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The Meeting: Recent Account (2b)

  • After a few minutes, Joe stood up and told the group about the discovery he and one of his students had made the night before. I didn’t understand how important the discovery was at the time, but I remember the heart of Joe’s message. To him allscientific discovery is also a religious discovery. There is no conflict between science and religion. Our knowledge of God is made larger with every discovery we make about the world.– Joe Taylor’s Searching


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Quaker Ideals: 18th Century Account

  • Simplicity: A way of life free from much entanglement appeared best for me, though the income might be small.

  • Social Justice: With people who lived in ease on the hard labour of their slaves, I felt uneasy. . . . as I looked to the Lord, he inclined my heart to His testimony. I told the man that I believed the practice of continuing slavery to this people was not right.

    – The Journal of John Woolman (1774)


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Quaker Ideals: Recent Account

  • Simplicity: Friends seek wholeness and harmony in the various aspects of our lives. We strive to limit the material circumstances of our lives in order to open the way to divine leadings.

  • Social Justice: We seek both to bring to light and to counteract or expunge structures, institutions, language and thought processes that subtly support discrimination and exploitation.

    – What Do Quakers Believe?


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Simplicity: The Quaker Wedding Service

  • In an atmosphere of quiet and reverence during the period of worship, the couple rise. Taking each other by the hand, they make their promises.

  • When the couple are seated again, the marriage certificate is brought for them to sign. Then someone assigned to do so reads the certificate aloud. The meeting then continues . . . .

  • The meeting closes by shaking of hands. All present are asked to sign the wedding certificate as witnesses to the marriage. – Quaker Wedding Practices


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Lifestyle

  • In lifestyle, the Quakers closely resembled the Puritans.

    • They lived and worshipped as a strongly communal people.

    • They insisted upon living orderlylives of thrift and self denial.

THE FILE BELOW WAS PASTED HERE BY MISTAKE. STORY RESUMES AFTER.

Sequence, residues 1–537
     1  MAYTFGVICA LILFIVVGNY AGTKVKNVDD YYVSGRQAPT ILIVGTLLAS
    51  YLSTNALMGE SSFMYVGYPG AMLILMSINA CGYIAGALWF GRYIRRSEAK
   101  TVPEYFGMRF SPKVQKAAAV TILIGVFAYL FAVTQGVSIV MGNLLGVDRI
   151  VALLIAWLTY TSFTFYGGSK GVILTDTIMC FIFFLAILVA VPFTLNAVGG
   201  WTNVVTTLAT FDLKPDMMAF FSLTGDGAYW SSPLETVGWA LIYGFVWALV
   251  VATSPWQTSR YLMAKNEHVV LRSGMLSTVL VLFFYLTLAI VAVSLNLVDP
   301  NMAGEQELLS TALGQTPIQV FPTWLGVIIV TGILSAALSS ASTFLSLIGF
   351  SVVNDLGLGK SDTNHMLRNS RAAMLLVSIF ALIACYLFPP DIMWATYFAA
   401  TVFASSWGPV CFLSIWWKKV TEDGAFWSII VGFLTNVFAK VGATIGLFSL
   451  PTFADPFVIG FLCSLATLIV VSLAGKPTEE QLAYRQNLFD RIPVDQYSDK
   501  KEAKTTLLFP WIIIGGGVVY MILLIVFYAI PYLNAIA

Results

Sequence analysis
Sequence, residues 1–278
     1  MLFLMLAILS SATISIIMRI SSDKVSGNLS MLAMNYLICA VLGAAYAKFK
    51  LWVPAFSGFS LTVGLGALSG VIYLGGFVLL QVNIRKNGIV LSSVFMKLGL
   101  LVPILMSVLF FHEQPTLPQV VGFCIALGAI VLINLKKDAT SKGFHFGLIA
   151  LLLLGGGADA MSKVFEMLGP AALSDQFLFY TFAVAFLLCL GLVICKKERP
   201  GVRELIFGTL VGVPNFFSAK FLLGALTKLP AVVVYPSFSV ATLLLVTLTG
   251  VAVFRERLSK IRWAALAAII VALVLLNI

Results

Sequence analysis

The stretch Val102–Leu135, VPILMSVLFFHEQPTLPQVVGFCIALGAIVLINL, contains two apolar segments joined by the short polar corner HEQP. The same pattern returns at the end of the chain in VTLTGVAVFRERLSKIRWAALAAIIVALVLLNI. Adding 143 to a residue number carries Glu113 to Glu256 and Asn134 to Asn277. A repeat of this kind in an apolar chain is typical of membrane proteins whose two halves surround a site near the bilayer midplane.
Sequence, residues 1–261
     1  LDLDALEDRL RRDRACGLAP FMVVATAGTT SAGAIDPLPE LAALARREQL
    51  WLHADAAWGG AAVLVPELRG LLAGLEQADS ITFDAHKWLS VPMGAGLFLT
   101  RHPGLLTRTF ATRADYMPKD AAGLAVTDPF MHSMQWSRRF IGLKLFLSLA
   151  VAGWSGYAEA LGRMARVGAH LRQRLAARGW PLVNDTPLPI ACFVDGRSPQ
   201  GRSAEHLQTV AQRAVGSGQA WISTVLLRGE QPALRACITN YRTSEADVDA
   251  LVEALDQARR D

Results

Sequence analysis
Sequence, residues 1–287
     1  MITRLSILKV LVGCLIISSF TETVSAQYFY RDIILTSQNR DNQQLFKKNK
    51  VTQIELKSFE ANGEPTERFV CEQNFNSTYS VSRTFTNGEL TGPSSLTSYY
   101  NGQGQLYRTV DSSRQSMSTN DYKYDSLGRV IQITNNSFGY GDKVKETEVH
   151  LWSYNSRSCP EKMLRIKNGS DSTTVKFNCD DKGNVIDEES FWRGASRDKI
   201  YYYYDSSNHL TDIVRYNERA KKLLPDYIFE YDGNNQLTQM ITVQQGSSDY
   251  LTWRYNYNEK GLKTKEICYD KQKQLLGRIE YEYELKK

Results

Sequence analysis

• They believed that every person had a calling from God to lead a productive life of work.

  • These habits helped make them prosperousmerchants.


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The Calling: 18th Century Account

  • This is John Woolman’s account of his calling to the trade of tailor: I believed the hand of Providence pointed out this business for me, and I was taught to be content with it, though I felt at times a disposition that would have sought for something greater; but through the revelation of Jesus Christ I had seen the happiness of humility, and . . . my soul was so environed with heavenly light and consolation that things were made easy to me which had been otherwise.

    – The Journal of John Woolman (1774)


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The Calling: Recent Account

  • For me, the calling has always been part of my relationship with God. Far from being instantaneous, the calling had a curious beginning even before I was saved. It grew as I grew in faith: as I became a Christian, as I served in the church, as I studied in seminary, as I pastored my first church. I look back at that evening at Anderson University in March of 1990 as the day when God removed all my doubts. There is now no turning back. – Louis R. Herchenroeder, Friends United Meeting: Quaker Life


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Practices

  • Quakers believed that they could achieve astate ofperfection in this life.

  • This meant applying the Sermon on the Mount in the most literal sense.

    • They aided the poor.

    • They were the first to attack slavery.

    • They believed in complete equality between men and women.

  • Their belief in equality led to:

    • Plain clothes and plain language

    • Refusal to show deference by removing their hats, bowing, or other conventional manners.


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Practices (cont.)

  • They refused to bear arms or to provide tax support for war activities.

  • They kept peace with the Indians through honest and opening dealings.

  • They established fixed prices to escape unpleasant haggling and bargaining.

  • They initiated programs of prison reform and nonviolent care of the mentally ill.